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Friday, 24 April 2020 10:49

More data from freight firm Henning Harders published by ransomware gang Featured

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More data from freight firm Henning Harders published by ransomware gang Image by Valdas Miskinis from Pixabay

More data which was exfiltrated from the Australian freight forwarding and logistics company Henning Harders has been publsihed online, an indication that company has not yielded to the demands of the Maze ransomware group that carried out the attack, security sources tell iTWire.

The ransomware group started publishing Henning Harders data on its website on 23 March.

The process has been stepped up in recent days with files about users, company documents and emails having been published, these sources said.

Like some other ransomware groups, Maze exfiltrates data from websites it attacks before the data is encrypted and a ransom note generated.

Pressure is then put on the victim by publishing a small amount of data online.

If the victim does not pay up, the Maze operators then publish more data. If the cyber criminals conclude that the victim is not going to pay up, then they often post the data on forums which are frequented by professional hackers.

Such information is often used in phishing attacks and also for stealing financial and other details.

Henning Harders avoided a direct answer when asked whether it had restored the machines that had been affected in the attack, saying instead on Friday that it had remained operational uninterrupted throughout the period.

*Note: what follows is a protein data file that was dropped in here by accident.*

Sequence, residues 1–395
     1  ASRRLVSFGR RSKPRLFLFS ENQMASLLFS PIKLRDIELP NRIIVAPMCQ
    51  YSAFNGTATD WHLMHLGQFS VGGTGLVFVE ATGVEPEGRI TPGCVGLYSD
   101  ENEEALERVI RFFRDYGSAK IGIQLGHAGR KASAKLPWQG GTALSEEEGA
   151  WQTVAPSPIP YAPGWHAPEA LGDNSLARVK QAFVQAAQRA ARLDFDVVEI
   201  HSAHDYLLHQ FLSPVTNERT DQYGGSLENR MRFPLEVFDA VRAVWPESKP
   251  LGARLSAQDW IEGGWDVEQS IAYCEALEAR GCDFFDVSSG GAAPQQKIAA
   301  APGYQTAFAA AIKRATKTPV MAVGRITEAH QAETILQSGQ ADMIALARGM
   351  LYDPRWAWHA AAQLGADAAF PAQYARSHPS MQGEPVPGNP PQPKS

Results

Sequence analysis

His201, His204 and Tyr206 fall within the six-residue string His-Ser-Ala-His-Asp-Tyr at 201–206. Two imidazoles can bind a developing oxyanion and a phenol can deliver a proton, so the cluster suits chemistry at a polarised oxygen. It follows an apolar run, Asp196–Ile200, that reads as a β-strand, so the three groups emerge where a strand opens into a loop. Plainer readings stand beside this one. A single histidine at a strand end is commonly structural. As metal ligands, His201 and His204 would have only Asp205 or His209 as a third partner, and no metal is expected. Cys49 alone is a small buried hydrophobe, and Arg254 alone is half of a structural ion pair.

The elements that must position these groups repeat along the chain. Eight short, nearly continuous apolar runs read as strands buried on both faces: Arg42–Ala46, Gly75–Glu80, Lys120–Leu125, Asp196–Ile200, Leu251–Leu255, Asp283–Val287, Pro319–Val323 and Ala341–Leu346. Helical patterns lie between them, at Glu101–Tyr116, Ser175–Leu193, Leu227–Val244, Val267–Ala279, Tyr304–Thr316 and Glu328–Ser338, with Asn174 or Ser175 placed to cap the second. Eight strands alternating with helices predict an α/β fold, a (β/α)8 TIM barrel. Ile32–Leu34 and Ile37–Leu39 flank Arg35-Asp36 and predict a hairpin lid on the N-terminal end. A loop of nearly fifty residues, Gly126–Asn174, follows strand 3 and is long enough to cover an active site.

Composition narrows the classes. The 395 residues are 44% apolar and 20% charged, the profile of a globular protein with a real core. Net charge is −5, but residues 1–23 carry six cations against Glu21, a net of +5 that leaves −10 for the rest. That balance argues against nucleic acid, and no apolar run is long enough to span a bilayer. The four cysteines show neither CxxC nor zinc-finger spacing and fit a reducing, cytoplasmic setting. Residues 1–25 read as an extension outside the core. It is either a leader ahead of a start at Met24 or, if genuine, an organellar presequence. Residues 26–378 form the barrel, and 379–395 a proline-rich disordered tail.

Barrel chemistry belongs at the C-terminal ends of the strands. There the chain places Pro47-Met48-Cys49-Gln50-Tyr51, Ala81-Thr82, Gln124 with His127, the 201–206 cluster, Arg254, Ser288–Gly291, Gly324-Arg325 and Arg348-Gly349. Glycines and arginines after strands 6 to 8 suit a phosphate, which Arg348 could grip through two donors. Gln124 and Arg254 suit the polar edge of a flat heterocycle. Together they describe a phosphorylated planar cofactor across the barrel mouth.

A company spokesperson gave a more direct answer when asked by iTWire whether it was aware that company information was circulating in public, saying, "Yes. The company has previously confirmed as much several weeks ago, including on its website on 9 April."

First indications of the attack were reported on 22 March, with the company saying in a statement that customer data may have been accessed, but there was no evidence to show that it had been misused.

The updated Henning Harders statement says that while an investigation is ongoing, there is no timeframe for its completion.


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Sam Varghese

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Sam Varghese has been writing for iTWire since 2006, a year after the site came into existence. For nearly a decade thereafter, he wrote mostly about free and open source software, based on his own use of this genre of software. Since May 2016, he has been writing across many areas of technology. He has been a journalist for nearly 40 years in India (Indian Express and Deccan Herald), the UAE (Khaleej Times) and Australia (Daily Commercial News (now defunct) and The Age). His personal blog is titled Irregular Expression.

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